Countable set having uncountably many infinite subsets

Can a countable set contain uncountably many infinite subsets such that the intersection of any two such distinct subsets is finite ?

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Not sure about $\mathfrak c$-many, but $\omega_1$-many -- yes, I think. – tomasz Jun 24 '12 at 13:47
@tomasz: continuum many is perfectly doable. – Asaf Karagila Jun 24 '12 at 14:21
Such system of sets is called almost disjoint family. See e.g. here. – Martin Sleziak Jun 24 '12 at 17:07

Yes. For every $r\in\mathbb R$ choose a sequence of rational numbers $\{r_n\in\mathbb Q\mid n\in\mathbb N\}$ which converges monotonically to $r$, this sequence is of course a subset of $\mathbb Q$ - a countable set.

If $r\neq s$ are two real numbers then the sequence we chose for them must intersect at a finite subset, otherwise we had a subsequence of the two which would converge to two different limit points.

Since $\mathbb R$ is uncountable (and in fact has cardinality as $\mathcal P(\mathbb Q)$) we have indeed uncountably many subsets of $\mathbb Q$ with the wanted property.

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 @pritam: By Cantor's theorem it is not countable. – Asaf Karagila Jun 24 '12 at 13:06 @pritam he's considering subsets of $\mathbb{Q}$, which is countable. So it meets your conditions exactly. – Dustan Levenstein Jun 24 '12 at 13:07 @pritam: And $\mathbb Q$ is not a countable set? – Asaf Karagila Jun 24 '12 at 13:09 @Mark: Good idea. Thanks! – Asaf Karagila Jun 24 '12 at 17:13

Consider the directed graph with vertex set $\mathbb{N}$ and edges $(n, 2n)$, $(n, 2n + 1)$ for all $n$. Then infinite paths starting at node 1 in the graph can be considered as subsets of $\mathbb{N}$ and satisfy the condition.

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+1. The graph is a binary tree rooted at node 1 and one can consider injective infinite paths starting at node 1. – Did Jun 24 '12 at 13:59
The question asks the subsets $N_\alpha$ to be indexed by $\mathbb{R}$, perhaps you could mention a bit about how to do this in your answer. – nullUser Jun 24 '12 at 14:00
You reasoning sounds really nice. Perhaps you could enrich it with a little more detail. For example, how do you know that the set of all infinite paths has the required cardinality? I guess that it is easy to construct a bijection to $\{0,1\}^\mathbb{N}$, because at each site $n$, you ca walk to $2n+0$ or $2n+1$. Also, you could elaborate on the reason you believe the intersections are finite. I guess that a good explanation raises in the fact that the graph is acyclic (a tree). – André Caldas Feb 24 at 19:37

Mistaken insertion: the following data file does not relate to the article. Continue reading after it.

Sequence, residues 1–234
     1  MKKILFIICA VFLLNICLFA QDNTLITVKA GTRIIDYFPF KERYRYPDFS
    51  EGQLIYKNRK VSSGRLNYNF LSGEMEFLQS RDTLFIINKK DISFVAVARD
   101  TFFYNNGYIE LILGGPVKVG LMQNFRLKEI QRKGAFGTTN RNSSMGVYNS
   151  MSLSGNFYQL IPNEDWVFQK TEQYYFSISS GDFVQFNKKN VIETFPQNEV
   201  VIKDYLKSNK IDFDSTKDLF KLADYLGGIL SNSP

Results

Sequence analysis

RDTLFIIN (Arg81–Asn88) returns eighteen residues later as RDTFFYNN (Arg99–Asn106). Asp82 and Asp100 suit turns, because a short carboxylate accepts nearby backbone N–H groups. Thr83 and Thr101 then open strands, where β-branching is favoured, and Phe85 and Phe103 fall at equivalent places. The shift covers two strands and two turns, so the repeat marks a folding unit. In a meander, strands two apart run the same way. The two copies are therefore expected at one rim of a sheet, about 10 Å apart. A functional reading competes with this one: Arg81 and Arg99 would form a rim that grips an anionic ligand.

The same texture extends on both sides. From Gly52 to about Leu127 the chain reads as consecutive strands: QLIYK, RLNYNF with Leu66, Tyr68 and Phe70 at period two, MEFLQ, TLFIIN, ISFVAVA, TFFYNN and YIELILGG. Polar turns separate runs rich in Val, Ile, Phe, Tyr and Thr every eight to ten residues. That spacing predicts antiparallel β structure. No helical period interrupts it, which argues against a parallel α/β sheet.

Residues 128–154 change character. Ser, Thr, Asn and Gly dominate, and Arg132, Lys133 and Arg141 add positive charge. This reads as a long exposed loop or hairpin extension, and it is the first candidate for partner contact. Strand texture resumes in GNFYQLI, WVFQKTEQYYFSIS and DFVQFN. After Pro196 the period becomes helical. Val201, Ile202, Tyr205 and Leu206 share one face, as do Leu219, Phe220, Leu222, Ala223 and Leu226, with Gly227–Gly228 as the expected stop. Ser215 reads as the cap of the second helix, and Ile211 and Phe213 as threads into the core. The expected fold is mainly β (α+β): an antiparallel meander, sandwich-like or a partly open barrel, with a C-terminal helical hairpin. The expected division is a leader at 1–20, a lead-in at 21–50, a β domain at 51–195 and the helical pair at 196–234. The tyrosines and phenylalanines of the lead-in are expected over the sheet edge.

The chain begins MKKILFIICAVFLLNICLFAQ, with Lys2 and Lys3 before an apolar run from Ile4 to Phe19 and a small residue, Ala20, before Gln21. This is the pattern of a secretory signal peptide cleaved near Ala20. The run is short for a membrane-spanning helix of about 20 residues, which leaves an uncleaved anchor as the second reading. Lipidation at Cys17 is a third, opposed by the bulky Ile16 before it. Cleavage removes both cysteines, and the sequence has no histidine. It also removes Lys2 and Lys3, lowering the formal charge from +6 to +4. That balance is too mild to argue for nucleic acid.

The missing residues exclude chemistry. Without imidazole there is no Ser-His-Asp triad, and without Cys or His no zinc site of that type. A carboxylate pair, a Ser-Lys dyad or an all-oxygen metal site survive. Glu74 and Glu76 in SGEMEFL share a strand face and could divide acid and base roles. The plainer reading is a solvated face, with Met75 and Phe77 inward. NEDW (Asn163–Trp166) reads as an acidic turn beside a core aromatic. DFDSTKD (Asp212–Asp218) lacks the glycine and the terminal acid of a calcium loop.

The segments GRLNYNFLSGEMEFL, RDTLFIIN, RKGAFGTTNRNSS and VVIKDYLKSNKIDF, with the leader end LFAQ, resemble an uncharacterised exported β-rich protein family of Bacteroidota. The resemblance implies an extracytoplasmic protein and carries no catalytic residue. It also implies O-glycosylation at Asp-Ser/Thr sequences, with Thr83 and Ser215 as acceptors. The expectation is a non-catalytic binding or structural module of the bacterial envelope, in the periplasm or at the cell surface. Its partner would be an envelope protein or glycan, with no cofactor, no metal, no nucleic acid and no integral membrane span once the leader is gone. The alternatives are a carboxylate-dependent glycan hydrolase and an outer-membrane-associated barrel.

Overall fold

@AndréCaldas (and nullUser, Did) Thank you for the comments. Back then I didn't have time enrich the answer, however I guess your explanations does it :) – Serkan Feb 24 at 20:39
I will edit your answer and give it a [+1] if you don't mind. – André Caldas Feb 24 at 23:46
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Yes. We know $\mathbb{N}$ and $\mathbb{Q}$ are equipotent so we choose a bijection $f:\mathbb{N} \to \mathbb{Q}$. We also know that $\mathbb{R}$ is equipotent to the set of equivalence classes of Cauchy sequences in $\mathbb{Q}$. For every $r \in \mathbb{R}$ choose $(q_{r,n})_n$ a representative from the equivalence class corresponding to $r$. Note that if $r_1\neq r_2 \in \mathbb{R}$ then $q_{r_1,n} = q_{r_2,n}$ for at most finitely many $n$. Since $f$ is a bijection we have that the sequences $(m_{r,n})_n := (f^{-1}(q_{r,n}))_n \subseteq \mathbb{N}$ share the same property. Since $\mathbb{R}$ is uncountable this concludes the proof; just choose the subset $N_\alpha$ to be the range of $m_\alpha$.

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Pick $S = \cup_{n \in \mathbb N} \{0;1\}^{\{1;2;\ldots;n\}}$, the set of functions from a finite set to $\{0;1\}$. For any function $f : \mathbb N \to \{0;1\}$, let $g(f) = \{ f|_{\{1;2;\ldots;n\}}, n \in \mathbb N\}$ : $g(f)$ is the subset of $S$ containing all the restrictions of $f$.

Then the set $\{g(f), f : \mathbb N \to \{0;1\}\}$ is an uncountable subset of $\mathcal P(S)$ (because $g$ is injective and there are uncountably many functions $f$) where any two distinct subsets have finite intersection (if $f_1$ and $f_2$ are distinct, they disagree at some integer $n$, from which all their restrictions are different).

Also, this is almost the same as picking $S$ as the set of finite subsets of $\mathbb{N}$, and $g : \mathcal P(\mathbb N) \to \mathcal P( S)$ the injection given by $g(X) = \{X \cap \{1 ; 2 ; \ldots n \}, n \in \mathbb N\}$.

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